Attorney’s license suspended following allegations of misconduct

A Philipsburg attorney’s license to practice has been suspended following a disciplinary board investigation.

According to the order dated Tuesday, Michael P. Kovalcin’s license has been suspended for one year and one day. The suspension came after reports of malpractice by the 33-year-old attorney relating to allegations of neglect and mishandling of money.

Kovalcin was the co-founder and co-owner of Scipione & Kovalcin P.C., of State College, according to his LinkedIn profile, with a focus on wills, trusts and estate planning, as well as other legal issues.

A joint petition filed Sept. 26 with the disciplinary board of the Supreme Court of Pennsylvania and authored by the Office of Disciplinary Counsel stated that Kovalcin’s misconduct involved the failure to cooperate with his prior firm partner in dissolving their firm, neglect of two client matters and the inability to account for client funds totaling about $10,000.

Kovalcin formed his law firm with attorney Joseph Scipione in January 2013, the petition said. In 2016, the firm experienced “severe financial distress” due to a large amount of debt incurred by Kovalcin in the name of the firm without his partner’s consent.

After Kovalcin abandoned the firm, Scipione reportedly determined there were insufficient funds in the firm’s joint bank account to cover amounts owed to third parties in Kovalcin’s cases, totaling about $10,000, the petition said.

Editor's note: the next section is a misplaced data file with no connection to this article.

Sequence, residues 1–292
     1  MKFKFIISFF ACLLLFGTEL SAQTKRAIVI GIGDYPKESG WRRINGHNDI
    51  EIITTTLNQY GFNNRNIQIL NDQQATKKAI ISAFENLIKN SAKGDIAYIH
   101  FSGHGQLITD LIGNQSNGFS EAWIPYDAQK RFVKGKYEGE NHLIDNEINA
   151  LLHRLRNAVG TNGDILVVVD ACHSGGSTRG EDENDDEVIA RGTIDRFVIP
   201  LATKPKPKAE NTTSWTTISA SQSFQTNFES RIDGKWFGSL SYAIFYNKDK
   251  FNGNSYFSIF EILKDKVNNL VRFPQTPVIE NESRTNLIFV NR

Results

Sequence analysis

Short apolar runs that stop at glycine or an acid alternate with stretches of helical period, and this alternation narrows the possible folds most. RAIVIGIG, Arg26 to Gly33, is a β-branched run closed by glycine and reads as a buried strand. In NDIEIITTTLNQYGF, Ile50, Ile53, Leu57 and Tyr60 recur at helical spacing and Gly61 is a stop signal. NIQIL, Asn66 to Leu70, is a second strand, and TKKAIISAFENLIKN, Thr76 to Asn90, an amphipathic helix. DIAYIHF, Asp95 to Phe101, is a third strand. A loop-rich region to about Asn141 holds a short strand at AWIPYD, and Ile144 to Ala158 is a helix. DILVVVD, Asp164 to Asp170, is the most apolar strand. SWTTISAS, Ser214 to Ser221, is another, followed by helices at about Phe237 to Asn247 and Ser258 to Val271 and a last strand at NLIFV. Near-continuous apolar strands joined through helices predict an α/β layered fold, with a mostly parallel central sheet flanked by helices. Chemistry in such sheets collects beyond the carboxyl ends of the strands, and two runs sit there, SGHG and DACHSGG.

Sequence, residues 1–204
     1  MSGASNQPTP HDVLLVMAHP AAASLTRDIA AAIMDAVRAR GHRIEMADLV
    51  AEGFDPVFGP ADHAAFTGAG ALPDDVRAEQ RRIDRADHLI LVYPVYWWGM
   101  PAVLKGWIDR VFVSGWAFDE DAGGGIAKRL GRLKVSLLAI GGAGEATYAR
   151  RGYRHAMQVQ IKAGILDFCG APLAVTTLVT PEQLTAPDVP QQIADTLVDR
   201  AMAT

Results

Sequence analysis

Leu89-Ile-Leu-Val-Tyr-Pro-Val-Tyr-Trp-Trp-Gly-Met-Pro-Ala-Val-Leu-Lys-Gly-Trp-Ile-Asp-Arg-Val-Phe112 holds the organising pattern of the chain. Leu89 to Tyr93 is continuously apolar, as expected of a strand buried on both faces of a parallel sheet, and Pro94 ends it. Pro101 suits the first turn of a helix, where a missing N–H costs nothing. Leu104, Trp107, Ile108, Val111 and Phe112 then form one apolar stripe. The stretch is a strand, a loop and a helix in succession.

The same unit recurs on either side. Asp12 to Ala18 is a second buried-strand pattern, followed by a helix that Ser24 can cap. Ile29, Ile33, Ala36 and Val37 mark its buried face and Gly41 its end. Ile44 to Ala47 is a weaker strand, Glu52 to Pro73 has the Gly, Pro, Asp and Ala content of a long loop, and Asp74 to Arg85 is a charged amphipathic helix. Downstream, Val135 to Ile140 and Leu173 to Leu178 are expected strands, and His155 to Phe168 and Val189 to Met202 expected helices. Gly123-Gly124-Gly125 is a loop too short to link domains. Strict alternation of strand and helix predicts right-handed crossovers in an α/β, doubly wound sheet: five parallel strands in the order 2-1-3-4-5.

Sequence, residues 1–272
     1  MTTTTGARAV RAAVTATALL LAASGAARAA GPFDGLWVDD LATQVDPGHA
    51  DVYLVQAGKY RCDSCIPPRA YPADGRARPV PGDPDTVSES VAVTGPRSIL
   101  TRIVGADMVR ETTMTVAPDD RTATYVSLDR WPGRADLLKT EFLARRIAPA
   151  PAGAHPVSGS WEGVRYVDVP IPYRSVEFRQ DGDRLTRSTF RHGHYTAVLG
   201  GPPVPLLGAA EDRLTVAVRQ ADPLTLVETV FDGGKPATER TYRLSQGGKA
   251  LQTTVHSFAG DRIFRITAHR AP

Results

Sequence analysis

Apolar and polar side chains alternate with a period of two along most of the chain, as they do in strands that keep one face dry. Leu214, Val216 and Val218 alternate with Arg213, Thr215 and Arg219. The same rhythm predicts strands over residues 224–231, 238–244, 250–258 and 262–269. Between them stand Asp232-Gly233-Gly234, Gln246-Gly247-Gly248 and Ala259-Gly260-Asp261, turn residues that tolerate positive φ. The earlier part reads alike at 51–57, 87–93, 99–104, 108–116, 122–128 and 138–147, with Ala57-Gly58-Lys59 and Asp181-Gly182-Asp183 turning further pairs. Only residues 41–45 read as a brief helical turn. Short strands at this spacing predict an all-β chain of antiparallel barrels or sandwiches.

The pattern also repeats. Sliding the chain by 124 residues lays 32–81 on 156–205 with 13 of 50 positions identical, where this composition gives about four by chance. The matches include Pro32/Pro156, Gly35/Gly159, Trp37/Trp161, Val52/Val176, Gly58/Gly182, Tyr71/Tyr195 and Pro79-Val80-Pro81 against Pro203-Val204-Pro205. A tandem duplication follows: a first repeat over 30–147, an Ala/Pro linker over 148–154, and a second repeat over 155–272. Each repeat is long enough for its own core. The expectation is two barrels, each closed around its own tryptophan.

Kovalcin doesn’t dispute the account held insufficient funds, the petition said, and attributed the deficiency to poor record-keeping and accounting.

Kovalcin also represented a client in a landlord/tenant matter in 2015, the petition said. The case was dismissed due to his reported failure to respond to preliminary objections, and continued to fail to respond to attempts to resolve the situation and file timely responses into 2016.

During a proceeding in May 2016 regarding the matter, Kovalcin admitted he was not licensed to practice before the U.S. Bankruptcy Court, the petition said. He was granted time to obtain admission to practice before the court by the presiding judge, but reportedly continued to fail to do so.

When his clients contacted him, he reportedly told them he was monitoring the case and had obtained the admission, the petition said, however this statement was false and he had not informed them of a September 2016 hearing date.

An order against his clients was entered in late October 2016 for more than $400,000 in damages and fees, the petition said, but Kovalcin reportedly did not advise them of the order. The clients eventually came to his parents’ home to discuss the judgment, during which time he “became emotional, promised to do what he could to clear up the situation and stated if he could not do so, (the clients) should sue him.”

According to an order dated June 20, the petition said, $215,000 in malpractice was paid out by Kovalcin’s carrier in regard to the judgment against his clients.

Kovalcin violated nine separate rules of professional misconduct, the petition said, including rules that state a lawyer shall provide competent representation of a client, shall act with reasonable diligence and promptness and keep a client reasonably informed about the status of the matter.

Both the board and Kovalcin jointly agreed on the suspension, the petition said. According to the petition, mitigating circumstances included the fact that he had only been practicing law for three years when the misconduct began, presented evidence that he was suffering from attention deficit hyperactivity disorder at the time and is “remorseful for his conduct and understands he should be disciplined.”

According to a response by Kovalcin, he consented “freely and voluntarily” to the suspension followed by a one-year period of probation, acknowledging that the material facts are true.

Jeremy Hartley: 814-231-4616, @JJHartleyNews